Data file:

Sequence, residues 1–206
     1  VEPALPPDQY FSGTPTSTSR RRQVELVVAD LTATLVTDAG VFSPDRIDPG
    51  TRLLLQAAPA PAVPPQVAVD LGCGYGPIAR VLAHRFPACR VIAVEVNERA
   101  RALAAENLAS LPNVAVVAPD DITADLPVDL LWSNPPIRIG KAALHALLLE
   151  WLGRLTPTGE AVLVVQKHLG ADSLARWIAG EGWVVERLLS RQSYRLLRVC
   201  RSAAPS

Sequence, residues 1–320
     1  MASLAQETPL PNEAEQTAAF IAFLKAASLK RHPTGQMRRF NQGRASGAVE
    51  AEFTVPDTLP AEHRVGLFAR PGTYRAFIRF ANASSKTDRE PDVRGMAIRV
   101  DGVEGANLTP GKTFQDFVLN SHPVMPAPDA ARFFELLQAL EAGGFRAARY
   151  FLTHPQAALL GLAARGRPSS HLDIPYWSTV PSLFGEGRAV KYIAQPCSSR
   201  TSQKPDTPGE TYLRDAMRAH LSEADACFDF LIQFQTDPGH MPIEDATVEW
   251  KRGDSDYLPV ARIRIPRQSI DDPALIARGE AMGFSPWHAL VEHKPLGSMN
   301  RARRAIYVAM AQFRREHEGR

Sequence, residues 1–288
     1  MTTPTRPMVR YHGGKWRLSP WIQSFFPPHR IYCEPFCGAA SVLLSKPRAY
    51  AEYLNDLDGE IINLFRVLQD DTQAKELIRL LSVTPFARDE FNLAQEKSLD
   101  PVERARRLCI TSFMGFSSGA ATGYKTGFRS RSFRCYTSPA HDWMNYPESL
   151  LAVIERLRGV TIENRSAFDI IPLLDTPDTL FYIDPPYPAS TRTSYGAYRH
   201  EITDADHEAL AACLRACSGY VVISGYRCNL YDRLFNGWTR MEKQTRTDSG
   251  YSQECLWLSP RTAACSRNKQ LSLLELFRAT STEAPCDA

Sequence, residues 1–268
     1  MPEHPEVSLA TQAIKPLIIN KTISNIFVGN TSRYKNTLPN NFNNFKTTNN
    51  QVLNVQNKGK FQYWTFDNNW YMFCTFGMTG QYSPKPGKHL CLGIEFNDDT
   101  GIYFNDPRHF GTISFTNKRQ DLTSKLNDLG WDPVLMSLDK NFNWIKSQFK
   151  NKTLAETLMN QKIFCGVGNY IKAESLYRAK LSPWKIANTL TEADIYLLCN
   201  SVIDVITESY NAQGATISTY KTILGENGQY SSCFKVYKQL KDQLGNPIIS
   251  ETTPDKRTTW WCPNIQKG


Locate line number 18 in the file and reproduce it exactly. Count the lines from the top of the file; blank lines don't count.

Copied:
   101  PVERARRLCI TSFMGFSSGA ATGYKTGFRS RSFRCYTSPA HDWMNYPESL